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Discussion Starter #1
I fly in commercial planes a lot and always get window seats to look at the country below. I would love to be able to get an accurate fix on where we are at any given time, for instance today as I flew Philly to Houston and on to LA.

Have any of you tried your bike's GPS in a plane and if so, what help was it to pinpointing your location?

TIA
 

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I have TomTom on an old HP PDA running WINCE. It uses a remote bluetooth credit card GPS receiver/antenna.

It may work up against the window.

Roads can flash past at the realtime speed of the plane as indicated and your route takes you across roads fields and over bridges very quickly!

Don't expect it to show you accurate route planning, distances to towns and the nearest MacDonalds, because the mapping you see is 'as the crow flies' not along roads. Sea and lake areas will show. Garmin do laptop mapping software and their 'Topo' topographical maps which show landscape features would be interesting.

However, I don't think in CAA terms that a satnav has what they call 'flight safe' mode - Which is their way of saying only devices that don't interfere with cockpit avionics can be used.



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Gps

QANTAS has a booklet which includes a map. I like to navigate using my watch, and once a GPS, Cabin crew were not bothered when they realised it was not a mobile phone. I like to know exactly where I am on the planet, part of my marine training. Cabin crew never know and do not care much.
 

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I used to fly weekly when I was an AMA pro racing mechanic. I normally carried my old Garmin GPS 5 to keep me informed on our spot on this earth. Worked well and never had any problem except a few times the stewardess ladies would ask me to turn it off IF they noticed.
 

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Discussion Starter #6
Thanks everyone... looks like its a goer then. I just want to get a general location. I see some great area and it would be nice to know the general location so I can research further for riding.
 

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Discussion Starter #9
voxmagna said:
If I'm up at 40,000 feet, It's hard to make out much ground detail even on a clear day, unless the clouds base is high.

If you are on one of the smaller city jets or turbo props flying below cloud, you could get a decent birds eye view.
Maybe your experience, but I have flown across/around the US several hundred times and on many, many occasions have had excellent views with plenty of detail of some/all of the flightpath. Even on flights across the Pacific I don't feel they get to 40k very often (never in my experience - start at about 30k then gradually rise as they burn off fuel), short jumps to about 25k, longer flights yes, above 30k. Height does tend to flatten and reduce detail agreed, Clouds can be a factor, but I don't think as persistent as in Europe.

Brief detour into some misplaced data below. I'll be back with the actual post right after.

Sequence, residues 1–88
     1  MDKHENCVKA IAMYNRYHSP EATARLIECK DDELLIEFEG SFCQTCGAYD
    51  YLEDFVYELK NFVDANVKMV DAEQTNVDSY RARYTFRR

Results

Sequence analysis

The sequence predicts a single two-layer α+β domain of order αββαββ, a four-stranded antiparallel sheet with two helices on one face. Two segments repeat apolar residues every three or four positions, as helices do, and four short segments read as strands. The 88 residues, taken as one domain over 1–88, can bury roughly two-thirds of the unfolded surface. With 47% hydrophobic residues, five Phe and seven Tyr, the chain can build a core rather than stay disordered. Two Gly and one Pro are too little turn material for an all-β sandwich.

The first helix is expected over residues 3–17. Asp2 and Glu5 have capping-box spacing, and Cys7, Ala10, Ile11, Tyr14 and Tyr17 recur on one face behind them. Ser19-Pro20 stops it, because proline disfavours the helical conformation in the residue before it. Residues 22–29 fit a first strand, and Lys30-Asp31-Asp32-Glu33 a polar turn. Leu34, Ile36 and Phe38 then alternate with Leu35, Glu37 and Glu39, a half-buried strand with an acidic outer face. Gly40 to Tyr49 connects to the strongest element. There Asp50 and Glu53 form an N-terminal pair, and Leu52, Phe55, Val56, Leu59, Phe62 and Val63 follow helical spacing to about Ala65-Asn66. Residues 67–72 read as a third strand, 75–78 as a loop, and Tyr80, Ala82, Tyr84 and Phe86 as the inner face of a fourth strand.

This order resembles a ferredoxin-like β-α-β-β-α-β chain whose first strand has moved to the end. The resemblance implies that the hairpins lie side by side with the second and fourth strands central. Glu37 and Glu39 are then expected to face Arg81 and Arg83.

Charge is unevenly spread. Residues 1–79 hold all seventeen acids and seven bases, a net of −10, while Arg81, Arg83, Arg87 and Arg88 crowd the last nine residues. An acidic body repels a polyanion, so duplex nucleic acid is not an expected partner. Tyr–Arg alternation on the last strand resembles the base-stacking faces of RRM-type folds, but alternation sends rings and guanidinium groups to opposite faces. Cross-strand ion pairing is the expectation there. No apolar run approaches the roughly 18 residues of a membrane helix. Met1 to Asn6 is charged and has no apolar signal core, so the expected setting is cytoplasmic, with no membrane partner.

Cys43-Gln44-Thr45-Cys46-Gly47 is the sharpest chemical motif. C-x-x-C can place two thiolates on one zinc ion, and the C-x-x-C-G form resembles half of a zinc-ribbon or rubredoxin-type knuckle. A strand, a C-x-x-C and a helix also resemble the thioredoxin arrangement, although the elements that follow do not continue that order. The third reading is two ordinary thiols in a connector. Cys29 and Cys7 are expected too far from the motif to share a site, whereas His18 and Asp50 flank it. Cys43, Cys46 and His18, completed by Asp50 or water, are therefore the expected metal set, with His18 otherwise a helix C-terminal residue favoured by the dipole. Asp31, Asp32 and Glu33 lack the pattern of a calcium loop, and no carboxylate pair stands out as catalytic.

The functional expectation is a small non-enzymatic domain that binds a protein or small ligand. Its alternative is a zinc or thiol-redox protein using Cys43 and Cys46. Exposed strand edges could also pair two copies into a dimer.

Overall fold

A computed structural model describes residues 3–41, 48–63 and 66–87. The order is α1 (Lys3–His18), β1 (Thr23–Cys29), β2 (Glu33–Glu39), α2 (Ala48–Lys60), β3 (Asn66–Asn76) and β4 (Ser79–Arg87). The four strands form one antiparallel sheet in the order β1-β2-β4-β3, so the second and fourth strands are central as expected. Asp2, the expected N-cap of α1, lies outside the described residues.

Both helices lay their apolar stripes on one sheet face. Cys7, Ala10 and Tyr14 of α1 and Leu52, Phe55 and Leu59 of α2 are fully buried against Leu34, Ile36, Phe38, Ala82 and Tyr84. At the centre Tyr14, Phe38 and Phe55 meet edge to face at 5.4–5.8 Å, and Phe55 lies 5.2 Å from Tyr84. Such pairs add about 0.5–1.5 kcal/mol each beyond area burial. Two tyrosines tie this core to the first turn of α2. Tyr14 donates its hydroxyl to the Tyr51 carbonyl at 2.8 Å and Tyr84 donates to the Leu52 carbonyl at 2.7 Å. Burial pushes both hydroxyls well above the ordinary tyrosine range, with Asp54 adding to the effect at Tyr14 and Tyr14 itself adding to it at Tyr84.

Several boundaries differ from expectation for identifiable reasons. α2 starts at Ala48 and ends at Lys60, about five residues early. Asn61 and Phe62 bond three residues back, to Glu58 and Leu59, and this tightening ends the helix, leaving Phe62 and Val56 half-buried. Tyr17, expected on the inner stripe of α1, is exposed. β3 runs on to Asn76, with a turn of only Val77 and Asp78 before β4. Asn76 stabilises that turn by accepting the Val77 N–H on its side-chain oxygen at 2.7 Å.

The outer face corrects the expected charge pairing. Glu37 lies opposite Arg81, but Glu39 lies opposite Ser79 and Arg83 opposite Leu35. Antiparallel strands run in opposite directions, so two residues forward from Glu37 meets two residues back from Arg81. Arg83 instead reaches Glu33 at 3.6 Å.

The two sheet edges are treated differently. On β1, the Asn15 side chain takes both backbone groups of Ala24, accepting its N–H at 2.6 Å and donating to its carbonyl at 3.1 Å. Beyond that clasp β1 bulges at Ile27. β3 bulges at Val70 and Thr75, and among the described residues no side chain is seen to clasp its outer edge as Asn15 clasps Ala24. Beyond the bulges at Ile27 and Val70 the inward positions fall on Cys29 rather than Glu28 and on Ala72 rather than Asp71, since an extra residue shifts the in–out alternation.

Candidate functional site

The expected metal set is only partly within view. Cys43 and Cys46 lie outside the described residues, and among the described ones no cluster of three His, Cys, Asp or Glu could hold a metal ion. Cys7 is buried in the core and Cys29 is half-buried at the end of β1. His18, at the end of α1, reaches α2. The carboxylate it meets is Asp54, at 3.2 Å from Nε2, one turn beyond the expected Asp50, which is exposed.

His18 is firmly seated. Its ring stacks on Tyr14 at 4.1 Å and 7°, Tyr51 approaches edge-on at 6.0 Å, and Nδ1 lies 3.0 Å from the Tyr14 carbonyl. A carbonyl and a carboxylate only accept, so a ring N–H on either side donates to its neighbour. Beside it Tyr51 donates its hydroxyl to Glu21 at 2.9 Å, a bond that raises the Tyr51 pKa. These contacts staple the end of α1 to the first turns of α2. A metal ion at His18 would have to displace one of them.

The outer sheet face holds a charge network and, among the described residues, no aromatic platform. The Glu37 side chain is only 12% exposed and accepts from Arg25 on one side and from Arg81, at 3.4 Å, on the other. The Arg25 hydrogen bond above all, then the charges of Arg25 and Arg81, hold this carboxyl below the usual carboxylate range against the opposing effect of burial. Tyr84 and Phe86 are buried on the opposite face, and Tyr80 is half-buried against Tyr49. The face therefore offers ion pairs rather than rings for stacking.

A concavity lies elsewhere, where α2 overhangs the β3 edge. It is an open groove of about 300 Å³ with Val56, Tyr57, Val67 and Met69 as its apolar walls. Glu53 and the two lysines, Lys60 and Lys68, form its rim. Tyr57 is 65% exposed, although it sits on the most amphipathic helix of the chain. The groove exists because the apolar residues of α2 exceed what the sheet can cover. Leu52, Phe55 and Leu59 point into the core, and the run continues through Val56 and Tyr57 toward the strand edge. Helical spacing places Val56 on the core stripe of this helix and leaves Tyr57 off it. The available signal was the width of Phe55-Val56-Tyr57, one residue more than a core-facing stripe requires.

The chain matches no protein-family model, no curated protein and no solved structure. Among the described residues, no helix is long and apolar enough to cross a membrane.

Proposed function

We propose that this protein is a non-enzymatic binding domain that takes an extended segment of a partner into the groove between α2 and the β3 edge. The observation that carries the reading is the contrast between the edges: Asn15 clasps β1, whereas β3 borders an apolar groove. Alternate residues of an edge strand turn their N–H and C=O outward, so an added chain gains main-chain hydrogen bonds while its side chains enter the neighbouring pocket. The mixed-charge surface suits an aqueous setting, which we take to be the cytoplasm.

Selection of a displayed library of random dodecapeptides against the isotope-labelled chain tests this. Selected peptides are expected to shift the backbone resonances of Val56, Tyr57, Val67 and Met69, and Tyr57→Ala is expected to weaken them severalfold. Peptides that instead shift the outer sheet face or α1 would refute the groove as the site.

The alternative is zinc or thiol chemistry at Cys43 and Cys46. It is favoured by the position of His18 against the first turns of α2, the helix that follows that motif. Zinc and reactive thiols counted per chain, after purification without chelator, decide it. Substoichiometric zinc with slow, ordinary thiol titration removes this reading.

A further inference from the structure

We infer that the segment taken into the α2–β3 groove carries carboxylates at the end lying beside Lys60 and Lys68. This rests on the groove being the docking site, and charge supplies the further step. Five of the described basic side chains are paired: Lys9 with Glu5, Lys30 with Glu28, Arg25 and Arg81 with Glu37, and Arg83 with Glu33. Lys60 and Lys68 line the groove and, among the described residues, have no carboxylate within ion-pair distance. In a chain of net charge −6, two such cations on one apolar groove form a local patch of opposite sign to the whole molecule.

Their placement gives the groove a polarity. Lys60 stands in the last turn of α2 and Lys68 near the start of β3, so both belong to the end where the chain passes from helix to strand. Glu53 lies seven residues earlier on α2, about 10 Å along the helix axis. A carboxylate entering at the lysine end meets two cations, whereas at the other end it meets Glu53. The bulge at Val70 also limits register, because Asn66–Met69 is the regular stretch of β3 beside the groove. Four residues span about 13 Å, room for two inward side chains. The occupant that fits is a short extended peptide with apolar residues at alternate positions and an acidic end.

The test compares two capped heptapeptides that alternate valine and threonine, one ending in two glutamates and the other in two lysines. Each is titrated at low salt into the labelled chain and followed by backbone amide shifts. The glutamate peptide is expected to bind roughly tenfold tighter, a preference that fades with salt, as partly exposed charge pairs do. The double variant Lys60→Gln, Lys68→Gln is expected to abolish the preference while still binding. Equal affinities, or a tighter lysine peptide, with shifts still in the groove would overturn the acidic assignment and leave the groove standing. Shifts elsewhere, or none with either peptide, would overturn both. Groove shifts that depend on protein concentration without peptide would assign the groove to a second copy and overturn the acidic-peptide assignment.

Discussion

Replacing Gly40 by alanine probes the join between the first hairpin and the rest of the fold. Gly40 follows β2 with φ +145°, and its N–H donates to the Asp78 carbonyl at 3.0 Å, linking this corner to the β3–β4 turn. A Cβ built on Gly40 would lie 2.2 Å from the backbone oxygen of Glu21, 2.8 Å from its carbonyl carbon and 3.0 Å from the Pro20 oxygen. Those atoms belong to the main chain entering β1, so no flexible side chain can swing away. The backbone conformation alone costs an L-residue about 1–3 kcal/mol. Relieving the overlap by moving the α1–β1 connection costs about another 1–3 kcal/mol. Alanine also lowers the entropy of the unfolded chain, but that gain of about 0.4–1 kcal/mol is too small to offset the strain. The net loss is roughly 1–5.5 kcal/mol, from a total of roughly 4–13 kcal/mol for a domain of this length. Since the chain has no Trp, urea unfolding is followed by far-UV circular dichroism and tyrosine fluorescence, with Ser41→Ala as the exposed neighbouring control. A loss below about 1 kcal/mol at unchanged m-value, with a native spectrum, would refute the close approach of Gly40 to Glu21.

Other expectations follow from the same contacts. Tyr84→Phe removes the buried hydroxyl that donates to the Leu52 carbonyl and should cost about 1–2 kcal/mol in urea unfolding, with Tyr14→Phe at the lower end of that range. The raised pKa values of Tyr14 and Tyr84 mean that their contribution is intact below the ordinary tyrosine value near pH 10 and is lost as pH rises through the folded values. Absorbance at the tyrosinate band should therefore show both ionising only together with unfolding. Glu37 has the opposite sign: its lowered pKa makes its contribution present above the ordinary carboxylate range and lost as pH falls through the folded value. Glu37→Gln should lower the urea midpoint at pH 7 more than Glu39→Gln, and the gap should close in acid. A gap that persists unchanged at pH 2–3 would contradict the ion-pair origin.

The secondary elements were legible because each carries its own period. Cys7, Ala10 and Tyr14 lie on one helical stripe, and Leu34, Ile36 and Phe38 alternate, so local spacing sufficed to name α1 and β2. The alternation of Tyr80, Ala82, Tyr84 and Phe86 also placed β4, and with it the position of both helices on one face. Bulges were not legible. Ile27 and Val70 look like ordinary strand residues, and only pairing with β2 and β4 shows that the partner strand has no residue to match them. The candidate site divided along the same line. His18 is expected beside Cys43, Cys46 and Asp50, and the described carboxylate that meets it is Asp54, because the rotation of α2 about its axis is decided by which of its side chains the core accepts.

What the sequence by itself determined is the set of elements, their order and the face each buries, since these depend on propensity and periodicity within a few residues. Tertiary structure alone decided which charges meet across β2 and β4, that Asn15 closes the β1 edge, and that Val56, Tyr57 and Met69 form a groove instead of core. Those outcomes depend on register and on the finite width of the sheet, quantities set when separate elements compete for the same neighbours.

A clear flight Philadelphia to San Francisco (say) is a joy in terms of the variety and staggering scale of the country you pass over - this is a 5+ hour flight, most of the country is accessible on a touring bike to a determined rider whatever their base location. For instance, flying over canyon country in Utah/Nevada or the Rockies etc was very motivating/inspirational for me and resulted in some memorable trips even though I was based on the east coast for many years.
 

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At times I'll bring a Garmin eTrex Legend HCx on flights. Sometimes it doesn't get a good satellite lock even on a window seat. I think some of it has to do with the plane itself. I almost always have a window seat and it's hit or miss with a satellite lock. Maybe it's just an older unit that isn't as sensitive.

Flying from Minneapolis to Anchorage over Canada was interesting, got to see where we were. Granted it was February and EVERYTHING was white... most of my flights nowadays are between Austin, TX and San Diego, CA so a lot of desert.
 

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I've used my Zumo a few times while in the air... Set it to OFF ROAD and there aren't any issues. It does need to be near a window. I generally wait until they say that it's okay to use portable electronics before I pull it out.
 

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GPS reception has everything to do with the GPS receiver/Antenna specification standard.

I have some older nav units about and they are as deaf as anything, only working well in open sky and outdoors.

Then I bought a credit card GPS receiver antenna which speaks blutooth and I was knocked out it because it works indoors and can give my a changed fix even when I walk into another room. When I am riding it slips in my shirt pocket.

If your Satnav is newish, it will most likely have the latest SIRF III spec. receiver and work fine near a plane window. If it is over 3 or 4 years old, it may not have this super dupa chip set and may be too insensitive to work in a plane.



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